#25 Post by Anton D » October 29th, 2018, 8:57 am

I agree with Patricia Green and Eyrie.

I haven't had one in a while, but when the Oregon wave started, the Ponzi Reserve really captured my imagination. (Late 1980's.)
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Re: Best Oregon Pinot?

#26 Post by Jim Stewart » October 29th, 2018, 9:00 am

Anton D wrote:
October 29th, 2018, 8:57 am
. . . I haven't had one in a while, but when the Oregon wave started, the Ponzi Reserve really captured my imagination. (Late 1980's.)
If you want to revisit, I recommend the 2013 Ponzi Reserve. Superb!
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Re: Best Oregon Pinot?

#27 Post by Todd Hamina » October 29th, 2018, 9:06 am

Anton D wrote:
October 29th, 2018, 8:57 am
I agree with Patricia Green and Eyrie.

I haven't had one in a while, but when the Oregon wave started, the Ponzi Reserve really captured my imagination. (Late 1980's.)
The 1993 Ponzi Reserve was drop dead gorgeous.
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Re: Best Oregon Pinot?

#28 Post by R_Gilbane » October 29th, 2018, 10:17 am

Yeah this is all well and good but who makes the best Oregon gamay?
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Re: Best Oregon Pinot?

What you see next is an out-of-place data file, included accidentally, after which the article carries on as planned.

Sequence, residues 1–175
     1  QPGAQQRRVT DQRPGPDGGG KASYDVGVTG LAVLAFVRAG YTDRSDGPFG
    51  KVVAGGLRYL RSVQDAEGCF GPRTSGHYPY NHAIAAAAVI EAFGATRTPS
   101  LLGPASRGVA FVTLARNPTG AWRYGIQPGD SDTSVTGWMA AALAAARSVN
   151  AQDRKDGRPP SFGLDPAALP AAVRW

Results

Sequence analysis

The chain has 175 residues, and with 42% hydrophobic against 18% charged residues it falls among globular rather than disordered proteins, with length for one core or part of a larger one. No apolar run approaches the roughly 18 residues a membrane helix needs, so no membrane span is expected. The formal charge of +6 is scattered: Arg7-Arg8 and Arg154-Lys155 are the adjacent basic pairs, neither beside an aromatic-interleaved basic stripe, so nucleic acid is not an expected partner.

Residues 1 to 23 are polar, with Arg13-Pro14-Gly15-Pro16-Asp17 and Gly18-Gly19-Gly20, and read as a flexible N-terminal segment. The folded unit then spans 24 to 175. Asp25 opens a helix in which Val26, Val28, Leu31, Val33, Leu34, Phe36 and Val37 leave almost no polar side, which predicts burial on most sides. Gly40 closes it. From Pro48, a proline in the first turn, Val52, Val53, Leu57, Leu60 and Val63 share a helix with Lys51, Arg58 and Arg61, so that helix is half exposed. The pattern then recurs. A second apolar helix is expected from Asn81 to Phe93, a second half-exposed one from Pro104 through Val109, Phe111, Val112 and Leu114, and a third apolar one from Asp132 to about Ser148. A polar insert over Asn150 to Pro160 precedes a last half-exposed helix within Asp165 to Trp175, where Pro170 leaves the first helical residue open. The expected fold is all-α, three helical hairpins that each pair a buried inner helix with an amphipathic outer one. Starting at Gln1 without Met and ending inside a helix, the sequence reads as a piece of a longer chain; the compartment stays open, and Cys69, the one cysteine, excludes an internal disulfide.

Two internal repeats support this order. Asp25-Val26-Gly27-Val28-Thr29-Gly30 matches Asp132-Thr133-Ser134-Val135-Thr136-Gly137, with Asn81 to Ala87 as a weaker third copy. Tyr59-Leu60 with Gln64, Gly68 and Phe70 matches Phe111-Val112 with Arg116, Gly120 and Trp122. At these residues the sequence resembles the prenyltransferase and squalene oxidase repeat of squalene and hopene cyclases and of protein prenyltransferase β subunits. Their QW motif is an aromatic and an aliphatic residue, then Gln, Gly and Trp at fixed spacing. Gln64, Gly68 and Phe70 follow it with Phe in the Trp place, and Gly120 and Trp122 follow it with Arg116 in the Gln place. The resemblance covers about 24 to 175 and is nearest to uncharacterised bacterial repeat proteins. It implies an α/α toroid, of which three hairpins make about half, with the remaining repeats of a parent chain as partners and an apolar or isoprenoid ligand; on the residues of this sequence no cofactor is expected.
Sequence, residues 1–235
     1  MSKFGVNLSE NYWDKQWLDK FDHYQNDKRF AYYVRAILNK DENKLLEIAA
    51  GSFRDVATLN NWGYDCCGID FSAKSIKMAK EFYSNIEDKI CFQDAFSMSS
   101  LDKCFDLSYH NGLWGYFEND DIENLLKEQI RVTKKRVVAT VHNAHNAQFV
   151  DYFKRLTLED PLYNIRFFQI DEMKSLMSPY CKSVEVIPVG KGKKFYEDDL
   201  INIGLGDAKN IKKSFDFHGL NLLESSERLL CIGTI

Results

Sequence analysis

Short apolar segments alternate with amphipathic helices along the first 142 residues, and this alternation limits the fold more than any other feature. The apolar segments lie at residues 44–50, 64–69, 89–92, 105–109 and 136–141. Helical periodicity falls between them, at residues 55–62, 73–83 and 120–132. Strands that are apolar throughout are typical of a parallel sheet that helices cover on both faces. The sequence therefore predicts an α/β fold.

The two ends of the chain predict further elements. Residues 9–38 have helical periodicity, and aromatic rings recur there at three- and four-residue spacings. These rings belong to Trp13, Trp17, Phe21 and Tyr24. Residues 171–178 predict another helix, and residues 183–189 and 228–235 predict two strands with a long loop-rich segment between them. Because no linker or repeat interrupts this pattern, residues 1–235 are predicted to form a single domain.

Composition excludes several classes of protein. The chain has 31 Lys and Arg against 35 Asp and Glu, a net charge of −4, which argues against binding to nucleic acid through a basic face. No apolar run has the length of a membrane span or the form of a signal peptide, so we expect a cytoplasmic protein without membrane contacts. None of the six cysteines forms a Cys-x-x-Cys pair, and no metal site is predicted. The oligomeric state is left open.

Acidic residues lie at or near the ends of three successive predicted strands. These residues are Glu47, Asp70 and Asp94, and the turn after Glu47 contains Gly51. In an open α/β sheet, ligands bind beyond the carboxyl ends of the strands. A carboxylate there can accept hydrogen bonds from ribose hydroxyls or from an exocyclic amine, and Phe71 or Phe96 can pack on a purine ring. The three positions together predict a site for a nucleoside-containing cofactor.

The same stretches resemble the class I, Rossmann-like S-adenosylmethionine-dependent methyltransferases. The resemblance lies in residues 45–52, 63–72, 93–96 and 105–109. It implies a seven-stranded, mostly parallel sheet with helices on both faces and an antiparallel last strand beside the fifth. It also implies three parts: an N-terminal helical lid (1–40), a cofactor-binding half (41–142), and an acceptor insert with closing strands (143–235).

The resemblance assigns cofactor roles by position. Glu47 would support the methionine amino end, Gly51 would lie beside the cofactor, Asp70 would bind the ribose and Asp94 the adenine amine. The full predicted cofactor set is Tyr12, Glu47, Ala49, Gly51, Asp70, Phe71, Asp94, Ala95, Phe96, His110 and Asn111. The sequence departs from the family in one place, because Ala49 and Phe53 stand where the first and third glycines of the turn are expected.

#29 Post by Saul Mutchnick » October 29th, 2018, 11:15 am

R_Gilbane wrote:
October 29th, 2018, 10:17 am
Yeah this is all well and good but who makes the best Oregon gamay?
None of them are expensive enough to be any good.
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Re: Best Oregon Pinot?

#30 Post by Gordon Fitz » October 29th, 2018, 11:25 am

Brickhouse makes the best OR gamay hands down!

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Re: Best Oregon Pinot?

#31 Post by Jim Anderson » October 29th, 2018, 11:58 am

Richard T r i m p i wrote:
October 29th, 2018, 6:03 am
As a lay consumer, my perspective is that fine wine prices are driven by a strange and difficult-to-predict correlation between marketing, demand, scarcity and perceived quality. Demand for Burgundy has caused prices to escalate to the point that I've virtually stopped buying all the wines I used to perceive as offering good QPR. I've largely substituted OR Pinots (no, they're not Burgundy) and often find them more than satisfying. The other night I enjoyed a $30 2010 Westrey Reserve Pinot. For comparable quality, I'd expect to pay $75 - $100 in Burgundy. Not that paying more for a Burg is a guarantee of commensurate quality IMHO.